George Kontos

San Francisco Giants Midseason Grades: Offense, Defense and Pitching

This article was originally published on Golden Gate Sports.

Jul 13, 2013; San Diego, CA, USA; San Francisco Giants starting pitcher Tim Lincecum (55) celebrates with teammates after throwing a no hitter against the San Diego Padres at Petco Park. The Giants won 9-0. Mandatory Credit: Christopher Hanewinckel-USA TODAY Sports

The 2013 season for the San Francisco Giants has certainly been a disappointment. After winning two World Series titles in three years, the Giants have looked tired this season and are now struggling just to get back to being a .500 team. Going into the All-Star break, the Giants have a 43-51 record, which puts them six and a half games back from the Arizona Diamondbacks in the NL West standings.

One word to sum up the Giants’ season so far: inconsistent. Sometimes, this team looks unstoppable. When the Giants do what got them two World Series titles in the past three years, such as stellar starting pitching, perfect defense, and timely hitting, then they can win a lot of games.

Other times, this team’s effort is laughable. It all starts with the starting pitcher. If the starter gets off to a rough start and gives up some runs, it puts more pressure on the offense and defense, and many times, the Giants can’t recover.

The All-Star break couldn’t come soon enough for the Giants. They could use a break from the long road trips and the mental grind of the game.

Here are the Giants’ midseason grades:

San Francisco Giants: 3 Players They Should Pursue at the Trade Deadline

This article was originally published on Golden Gate Sports.

June 2, 2013; St. Louis, MO, USA; San Francisco Giants third baseman Nick Noonan (left) catcher Buster Posey (center) and relief pitcher Sergio Romo (right) celebrate with teammates after defeating the St. Louis Cardinals at Busch Stadium. San Francisco defeated St. Louis 4-2. Mandatory Credit: Jeff Curry-USA TODAY Sports

Out of 15 National League teams, the San Francisco Giants currently rank 13th with a 4.47 ERA for their starters. This is hard to believe given the fact that the Giants have won two World Series titles in the past three seasons behind dominant starting pitching.

Matt Cain struggled in the beginning of the season, Tim Lincecum has been inconsistent, and Barry Zito has a 10.41 ERA on the road. Because of their struggles, many analysts and fans have suggested that the Giants acquire a starting pitcher.

By adding another starting pitcher, the Giants could move Chad Gaudin back into his role as a reliever, which would strengthen the struggling bullpen. In addition, when Ryan Vogelsong comes back from injury, the Giants could also consider moving Lincecum to the bullpen. According to a club source, the Giants would convert Lincecum into a late-inning reliever “in a heartbeat,” and Lincecum said he is open to that change as well.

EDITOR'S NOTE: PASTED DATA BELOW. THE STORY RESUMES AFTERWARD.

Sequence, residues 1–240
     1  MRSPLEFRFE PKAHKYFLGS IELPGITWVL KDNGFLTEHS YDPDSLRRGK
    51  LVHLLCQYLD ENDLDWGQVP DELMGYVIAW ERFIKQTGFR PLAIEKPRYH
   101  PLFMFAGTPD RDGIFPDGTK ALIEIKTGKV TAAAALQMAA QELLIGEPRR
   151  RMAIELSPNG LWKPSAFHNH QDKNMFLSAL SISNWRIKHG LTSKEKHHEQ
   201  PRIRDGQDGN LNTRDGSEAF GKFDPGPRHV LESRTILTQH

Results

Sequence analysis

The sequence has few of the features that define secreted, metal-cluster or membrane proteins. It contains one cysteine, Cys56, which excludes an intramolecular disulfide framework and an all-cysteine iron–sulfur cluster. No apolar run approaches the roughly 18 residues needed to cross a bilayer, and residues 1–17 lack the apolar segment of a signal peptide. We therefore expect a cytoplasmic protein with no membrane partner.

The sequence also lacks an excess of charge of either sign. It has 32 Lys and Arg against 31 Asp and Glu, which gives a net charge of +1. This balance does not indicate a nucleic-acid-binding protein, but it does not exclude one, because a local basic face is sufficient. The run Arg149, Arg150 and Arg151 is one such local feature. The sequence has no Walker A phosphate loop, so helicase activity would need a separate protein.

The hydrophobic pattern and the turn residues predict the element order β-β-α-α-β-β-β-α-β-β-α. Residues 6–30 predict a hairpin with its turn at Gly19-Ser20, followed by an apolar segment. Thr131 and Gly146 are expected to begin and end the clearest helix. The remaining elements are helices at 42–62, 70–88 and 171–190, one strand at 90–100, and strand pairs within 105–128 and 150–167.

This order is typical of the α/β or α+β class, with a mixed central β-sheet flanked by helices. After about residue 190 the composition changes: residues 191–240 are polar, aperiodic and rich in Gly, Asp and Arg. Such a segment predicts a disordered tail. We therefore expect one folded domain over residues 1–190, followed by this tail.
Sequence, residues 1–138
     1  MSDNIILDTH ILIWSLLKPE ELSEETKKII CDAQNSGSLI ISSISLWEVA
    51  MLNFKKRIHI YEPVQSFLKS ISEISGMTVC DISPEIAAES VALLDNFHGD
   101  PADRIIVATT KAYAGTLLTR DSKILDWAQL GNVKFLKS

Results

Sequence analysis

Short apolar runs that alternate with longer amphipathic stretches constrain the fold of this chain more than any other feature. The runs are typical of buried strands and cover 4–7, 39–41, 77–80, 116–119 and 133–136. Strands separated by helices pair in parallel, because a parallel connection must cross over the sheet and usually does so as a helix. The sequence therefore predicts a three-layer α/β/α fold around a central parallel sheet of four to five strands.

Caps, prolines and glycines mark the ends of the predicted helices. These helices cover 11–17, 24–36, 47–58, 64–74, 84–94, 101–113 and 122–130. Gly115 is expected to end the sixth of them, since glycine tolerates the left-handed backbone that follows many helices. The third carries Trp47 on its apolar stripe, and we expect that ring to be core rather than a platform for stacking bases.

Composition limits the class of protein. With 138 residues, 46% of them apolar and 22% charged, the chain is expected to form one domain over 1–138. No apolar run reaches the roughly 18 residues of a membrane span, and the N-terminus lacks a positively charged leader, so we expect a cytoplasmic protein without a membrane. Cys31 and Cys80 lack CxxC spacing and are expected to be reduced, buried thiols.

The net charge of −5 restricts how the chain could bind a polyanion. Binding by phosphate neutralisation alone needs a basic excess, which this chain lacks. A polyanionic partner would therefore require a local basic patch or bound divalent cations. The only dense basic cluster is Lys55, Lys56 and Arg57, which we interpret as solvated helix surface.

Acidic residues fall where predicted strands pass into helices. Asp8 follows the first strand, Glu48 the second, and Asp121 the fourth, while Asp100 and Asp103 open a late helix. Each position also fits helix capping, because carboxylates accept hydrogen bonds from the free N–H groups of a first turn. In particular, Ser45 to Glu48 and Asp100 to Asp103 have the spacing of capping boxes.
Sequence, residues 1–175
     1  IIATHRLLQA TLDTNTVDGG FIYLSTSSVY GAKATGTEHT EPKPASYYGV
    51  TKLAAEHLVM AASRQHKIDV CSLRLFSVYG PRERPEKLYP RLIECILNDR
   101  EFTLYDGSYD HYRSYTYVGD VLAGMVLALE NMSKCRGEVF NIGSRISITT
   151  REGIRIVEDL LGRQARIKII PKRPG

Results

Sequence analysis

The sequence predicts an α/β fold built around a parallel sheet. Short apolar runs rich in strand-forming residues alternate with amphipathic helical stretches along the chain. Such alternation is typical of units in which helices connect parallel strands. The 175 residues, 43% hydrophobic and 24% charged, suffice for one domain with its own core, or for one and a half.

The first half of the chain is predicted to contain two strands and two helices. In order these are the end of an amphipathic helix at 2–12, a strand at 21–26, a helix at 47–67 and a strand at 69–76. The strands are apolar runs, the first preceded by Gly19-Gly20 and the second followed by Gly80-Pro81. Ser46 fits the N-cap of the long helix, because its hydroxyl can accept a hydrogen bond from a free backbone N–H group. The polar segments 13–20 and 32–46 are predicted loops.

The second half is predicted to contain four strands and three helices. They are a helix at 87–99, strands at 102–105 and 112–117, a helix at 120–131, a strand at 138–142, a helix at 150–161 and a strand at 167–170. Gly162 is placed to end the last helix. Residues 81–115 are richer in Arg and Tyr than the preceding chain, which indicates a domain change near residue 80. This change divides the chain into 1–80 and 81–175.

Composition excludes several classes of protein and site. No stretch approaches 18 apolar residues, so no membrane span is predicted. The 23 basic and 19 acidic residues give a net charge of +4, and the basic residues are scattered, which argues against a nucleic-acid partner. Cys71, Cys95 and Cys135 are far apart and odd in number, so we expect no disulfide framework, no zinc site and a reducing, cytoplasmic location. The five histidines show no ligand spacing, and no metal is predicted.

On the other hand, Bruce Bochy has said the Giants need the most help in the bullpen. If the Giants acquire a relief pitcher, they could continue to use Gaudin as a starter until Vogelsong comes back, and then when Vogelsong is healthy again, the Giants could move Gaudin back into his long reliever role.

The Giants also need a veteran outfielder, with Angel Pagan expected to be out until September, at the earliest. Gregor Blanco, Andres Torres, and Juan Perez are currently filling the void at center field and left field, but they’re collectively not providing enough offense to make up for Pagan’s energy and production in the leadoff spot.

Here are three players that the Giants could acquire at the trade deadline that would fill these needs:

San Francisco Giants: Why Fatigue Has Led to Their Recent Struggles

This article was originally published on Golden Gate Sports.

The San Francisco Giants are tired. They aren’t just physically tired; they’re also mentally tired. After playing a total of 178 games last season, the Giants had a shortened offseason and less time to recover, both mentally and physically, before this season. The Giants currently have a 38-40 record, third in the NL West, and they have lost four games in a row.

May 16, 2013; Denver, CO, USA; San Francisco Giants pitcher Matt Cain (18) reacts after giving up a home run during the third inning against the Colorado Rockies at Coors Field. Mandatory Credit: Chris Humphreys-USA TODAY Sports

In their last two games, the Giants have been outscored 7-0 in the 6th inning. Is this onslaught just bad luck? A coincidence? Actually, this stat explains a lot about the Giants’ recent struggles.